We have tried to apply these insights to the new International Scholars Program. A collaborative venture between the Honors College and the School of Languages, Cultures, and World Affairs, this program seeks to identify nationally competitive undergraduates and bring them to the College. All of the fellows are double majors (international studies and another discipline of their choosing). During their freshmen year, they share a living-learning community and take Introduction to International Studies as a group. As sophomores, they enroll with me in Honors Western Civilization, a team-taught interdisciplinary course that focuses on “big ideas,” such as religion, democracy, technology, warfare, gender and race. The students receive invaluable professional mentoring from the advisory board at the SLCWA, but if you ask them, the study-abroad opportunities are the real pull in the program.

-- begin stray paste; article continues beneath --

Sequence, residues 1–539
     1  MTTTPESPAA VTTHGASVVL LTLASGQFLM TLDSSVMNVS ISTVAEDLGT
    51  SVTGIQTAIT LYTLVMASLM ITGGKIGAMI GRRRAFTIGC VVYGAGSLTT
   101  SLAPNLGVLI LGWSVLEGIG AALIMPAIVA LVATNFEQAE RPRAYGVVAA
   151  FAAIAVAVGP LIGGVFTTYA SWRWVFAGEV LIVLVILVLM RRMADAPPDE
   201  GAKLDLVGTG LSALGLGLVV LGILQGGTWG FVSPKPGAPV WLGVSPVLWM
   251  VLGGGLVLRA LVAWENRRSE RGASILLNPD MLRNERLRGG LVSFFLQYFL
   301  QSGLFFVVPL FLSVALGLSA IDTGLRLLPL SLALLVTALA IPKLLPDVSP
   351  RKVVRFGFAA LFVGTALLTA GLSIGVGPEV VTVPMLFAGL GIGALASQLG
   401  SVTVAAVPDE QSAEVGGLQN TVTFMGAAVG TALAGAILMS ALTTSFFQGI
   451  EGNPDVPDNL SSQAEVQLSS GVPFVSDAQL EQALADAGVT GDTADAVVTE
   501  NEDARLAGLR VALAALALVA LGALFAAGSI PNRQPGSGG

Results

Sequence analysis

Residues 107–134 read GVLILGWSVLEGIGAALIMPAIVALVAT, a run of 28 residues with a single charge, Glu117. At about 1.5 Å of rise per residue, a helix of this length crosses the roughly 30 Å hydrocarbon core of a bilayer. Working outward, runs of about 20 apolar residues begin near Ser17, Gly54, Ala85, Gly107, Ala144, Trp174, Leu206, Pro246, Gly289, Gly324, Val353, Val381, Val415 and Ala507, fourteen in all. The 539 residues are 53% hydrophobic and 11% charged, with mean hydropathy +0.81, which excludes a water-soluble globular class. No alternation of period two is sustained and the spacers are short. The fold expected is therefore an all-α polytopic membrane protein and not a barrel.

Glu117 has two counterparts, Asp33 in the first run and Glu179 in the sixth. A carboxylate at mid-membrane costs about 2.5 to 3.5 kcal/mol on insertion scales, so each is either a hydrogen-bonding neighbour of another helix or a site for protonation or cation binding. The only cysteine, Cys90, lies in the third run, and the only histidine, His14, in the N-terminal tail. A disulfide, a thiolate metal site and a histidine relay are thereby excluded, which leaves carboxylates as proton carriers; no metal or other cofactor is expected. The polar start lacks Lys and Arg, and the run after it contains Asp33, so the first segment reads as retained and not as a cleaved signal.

As part of these opportunities, each freshman cohort receives a paid “MayAway” with two faculty members. The first group went to Cuba in 2013, the second group to Paris. The third group will go to India in 2015, and the fourth is scheduled for Estonia. And I just received confirmation that I will get to return to China with the fifth group in 2017.
I was also fortunate enough to be a part of that first MayAway to Cuba. The 11 students, Professor Doug Friedman (intercultural and international studies) and I spent one week in Havana and then took a trip to the southern part of the island, which includes Cienfuegos, Santa Clara and Trinidad. I remember the students telling me that they were struck by how similar Cubans were to Americans, despite the political chasms that divide our governments. Like U.S. citizens, Cubans believe in the dream of self-improvement, that hard work should be rewarded and private initiative encouraged.
Another striking realization for the students was made during our visit to the Latin American School of Medicine, which does not charge tuition and which appeared bare bones by American standards. What cannot be denied, however, is that life expectancy in Cuba is the same as in the U.S., even though they spend only a tiny fraction of their income (adjusted for population) on health care. The key to their success has been a focus on preventative care. For the students, the trip allowed them to view concerns that they have about their own country (such as health care) in new ways.